Why can't Eevee do the same as CryEngine or Unreal Engine?

Eevee is also undergoing a major rewrite that is bringing large numbers of enhancements and general improvements to all areas. This is also the reason why there has not been a lot of work on the current version. Clement just recently posted on devtalk that he has started the next stage which involves the lighting engine.

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Yep. I’m really excited for that when it’s finally released, and do recognize that’s a big part of why other eevee improvements haven’t been a development priority, unless they’re adding some of them in as part of the rewrite. I know there are definite plans to convert Nishita to Eevee so that one could happen. But yes, anything they try to add to Eevee now would be twice the work since they’d have to write it for both the current and rewritten version, and it’d be less developer hours going into the rewrite slowing that down too.

It’s just that anisotropic had been discussed well before they announced the Eevee rewrite, and the last time a developer was asked about anisotropic in Eevee, it seemed like they no longer had any plans to add it anytime soon, if ever. I’ve experimented with a lot of methods of faking anisotropic for hair, and coming up with one method that looks good on all hair models in all lighting conditions has been problematic. On the other hand, I’ve had plenty of success with other things in Eevee, so while anisotropic shading remains a sore point, I’m still happy enough with it that it hasn’t driven me to Unreal or Marmoset.

Also, you wouldn’t happen to have a link to that devtalk would you?

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EEVEE Next - Blender Development - Blender Developer Talk

To keep it clean and easy to reference, the thread is closed to feedback. The master builds from the buildbot actually allow you to taste the new Eevee with an experimental feature flag, but it does not yet do enough to make it usable for production.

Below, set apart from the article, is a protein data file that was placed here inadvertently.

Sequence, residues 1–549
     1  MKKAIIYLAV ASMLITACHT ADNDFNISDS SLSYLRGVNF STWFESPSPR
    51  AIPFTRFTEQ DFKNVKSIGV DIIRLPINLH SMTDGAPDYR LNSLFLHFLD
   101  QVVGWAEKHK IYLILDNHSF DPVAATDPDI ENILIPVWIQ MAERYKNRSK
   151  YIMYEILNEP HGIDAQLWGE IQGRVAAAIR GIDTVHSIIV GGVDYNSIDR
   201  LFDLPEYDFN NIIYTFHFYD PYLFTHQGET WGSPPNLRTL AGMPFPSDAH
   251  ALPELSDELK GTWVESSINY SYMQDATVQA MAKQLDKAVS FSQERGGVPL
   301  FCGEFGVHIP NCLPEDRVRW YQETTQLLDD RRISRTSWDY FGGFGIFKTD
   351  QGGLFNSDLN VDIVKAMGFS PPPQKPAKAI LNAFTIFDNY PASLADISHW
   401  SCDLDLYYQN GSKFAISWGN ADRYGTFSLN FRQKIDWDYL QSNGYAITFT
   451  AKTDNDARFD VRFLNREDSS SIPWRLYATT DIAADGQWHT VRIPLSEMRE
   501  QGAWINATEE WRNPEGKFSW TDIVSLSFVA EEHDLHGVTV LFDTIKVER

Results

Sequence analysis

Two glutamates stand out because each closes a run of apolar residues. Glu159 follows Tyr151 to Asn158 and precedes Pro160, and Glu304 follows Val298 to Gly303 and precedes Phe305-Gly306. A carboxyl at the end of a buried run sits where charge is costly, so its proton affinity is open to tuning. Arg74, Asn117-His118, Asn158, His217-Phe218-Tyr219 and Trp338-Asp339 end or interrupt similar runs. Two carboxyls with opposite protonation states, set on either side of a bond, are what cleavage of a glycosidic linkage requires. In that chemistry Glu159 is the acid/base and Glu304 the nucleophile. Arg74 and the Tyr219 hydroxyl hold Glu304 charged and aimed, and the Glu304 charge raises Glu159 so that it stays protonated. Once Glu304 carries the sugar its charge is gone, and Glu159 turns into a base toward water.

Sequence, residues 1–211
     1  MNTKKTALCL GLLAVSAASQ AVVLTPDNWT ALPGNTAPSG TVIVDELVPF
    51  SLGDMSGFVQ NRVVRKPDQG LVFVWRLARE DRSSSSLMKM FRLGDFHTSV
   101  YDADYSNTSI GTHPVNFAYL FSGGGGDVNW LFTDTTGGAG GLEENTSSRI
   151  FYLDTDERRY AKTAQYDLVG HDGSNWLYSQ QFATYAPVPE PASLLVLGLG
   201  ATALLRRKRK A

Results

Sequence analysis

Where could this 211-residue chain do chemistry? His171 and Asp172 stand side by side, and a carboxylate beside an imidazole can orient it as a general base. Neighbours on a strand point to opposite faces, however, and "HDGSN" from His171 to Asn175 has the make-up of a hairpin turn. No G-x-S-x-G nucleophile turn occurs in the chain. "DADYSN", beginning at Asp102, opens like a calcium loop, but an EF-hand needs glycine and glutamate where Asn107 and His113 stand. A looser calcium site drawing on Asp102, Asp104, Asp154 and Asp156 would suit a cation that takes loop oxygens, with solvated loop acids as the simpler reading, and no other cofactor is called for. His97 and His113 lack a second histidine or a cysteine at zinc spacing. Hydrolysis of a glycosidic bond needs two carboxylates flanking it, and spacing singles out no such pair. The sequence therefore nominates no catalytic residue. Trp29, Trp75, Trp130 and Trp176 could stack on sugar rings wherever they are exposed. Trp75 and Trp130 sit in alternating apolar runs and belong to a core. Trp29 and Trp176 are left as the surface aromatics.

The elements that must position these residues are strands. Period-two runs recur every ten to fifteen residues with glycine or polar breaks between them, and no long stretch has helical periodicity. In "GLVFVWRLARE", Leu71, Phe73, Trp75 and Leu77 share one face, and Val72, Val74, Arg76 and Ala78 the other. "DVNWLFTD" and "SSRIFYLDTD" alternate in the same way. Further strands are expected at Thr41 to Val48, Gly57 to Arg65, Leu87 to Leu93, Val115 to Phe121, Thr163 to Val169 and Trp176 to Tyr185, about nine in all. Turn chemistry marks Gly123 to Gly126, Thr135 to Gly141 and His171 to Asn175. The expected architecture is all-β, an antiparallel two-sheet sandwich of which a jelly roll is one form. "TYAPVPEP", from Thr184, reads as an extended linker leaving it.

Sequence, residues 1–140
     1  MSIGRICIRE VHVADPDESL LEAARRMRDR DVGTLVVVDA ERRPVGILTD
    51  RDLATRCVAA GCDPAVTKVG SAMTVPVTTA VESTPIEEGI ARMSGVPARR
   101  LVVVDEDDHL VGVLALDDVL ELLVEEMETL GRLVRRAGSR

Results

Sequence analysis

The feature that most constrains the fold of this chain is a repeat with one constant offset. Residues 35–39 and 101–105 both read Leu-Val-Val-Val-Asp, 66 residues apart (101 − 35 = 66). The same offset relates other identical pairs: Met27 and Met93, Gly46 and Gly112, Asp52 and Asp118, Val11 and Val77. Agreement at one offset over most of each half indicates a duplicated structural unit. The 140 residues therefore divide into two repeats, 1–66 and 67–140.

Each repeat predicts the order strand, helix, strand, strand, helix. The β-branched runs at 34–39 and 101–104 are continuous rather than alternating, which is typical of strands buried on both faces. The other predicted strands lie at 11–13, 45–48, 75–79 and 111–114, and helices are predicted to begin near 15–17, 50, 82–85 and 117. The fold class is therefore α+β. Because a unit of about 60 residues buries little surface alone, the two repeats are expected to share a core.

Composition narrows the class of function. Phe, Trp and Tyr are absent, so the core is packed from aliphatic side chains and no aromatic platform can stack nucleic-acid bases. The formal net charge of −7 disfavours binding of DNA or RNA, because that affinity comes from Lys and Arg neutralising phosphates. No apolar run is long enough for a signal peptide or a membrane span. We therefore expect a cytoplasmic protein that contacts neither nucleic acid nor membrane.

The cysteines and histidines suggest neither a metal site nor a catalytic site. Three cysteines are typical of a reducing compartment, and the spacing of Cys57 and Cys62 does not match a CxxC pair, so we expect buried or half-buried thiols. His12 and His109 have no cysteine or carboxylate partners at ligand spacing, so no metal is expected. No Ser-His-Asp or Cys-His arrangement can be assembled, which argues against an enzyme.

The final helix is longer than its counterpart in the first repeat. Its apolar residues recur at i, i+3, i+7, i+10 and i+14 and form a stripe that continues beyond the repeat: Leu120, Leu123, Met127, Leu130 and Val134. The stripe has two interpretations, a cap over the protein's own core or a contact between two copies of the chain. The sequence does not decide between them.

Hey @Nanoglyph, you might be interested in this:


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Thanks. Which build? Not seeing it in the 3.3 beta.

Master builds. I mentioned this option a while back here.

Yes, the devs. disable the experimental features for beta and release builds (in part so the bugtracker does not get filled with reports for things they do not consider ready for production).

The new Eevee for instance is definitely not something you can start using now.

Yes I am. And I particularly want to take a moment to appreciate this commit log (emphasis mine):

Diff 5 53982 d26c29d Rebased to master, eevee-rewrite is in now. Can we get this ready before 3.3…

Wonder if I can hack this into a custom build of blender…

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When I first read Eevee I thought it would be like the game engines so that in Eevee mode the objects would be 100% locked, it would be a mode just for rendering and as such pretty much close to game engines.

However it turned out to be usable in edit mode, thus requiring a lot more resources… but the most important thing that makes everything slow is the lack of:

  • Level of detail
  • Occlusion culling
  • Texture and object streaming

As far as I can tell, after watching many video snippets on Twitter, that those can be “faked” with geometry nodes.

Kinda is like Blender have no benefits (other than technical complexity and maintenance) to offer them by design out of the box.

So kinda puts the responsibility on the user, provided that someone enter the world of Blender, with a hardcore mindset of scene optimization. If someone has no mindset of optimization will struggle for many years until they come up to the conclusion, that the only way forward, to scaling up the scene complexity, is only through sophisticated node setup.

However still the problem exists, that if you end up with a humongous mesh (8 million vertices etc), it will be impossible to squeeze better performance, either you would have to chunk it into bits either get a behemoth of a GPU.

Why everybody want Eevee will be like UE, but not want UE will be like Blender? UE has not any designing and modeling tools (maybe have a little little bit), because UE is game engine, not a 3D modeling and designing software. If you are not a programmer, you never understand what is difference.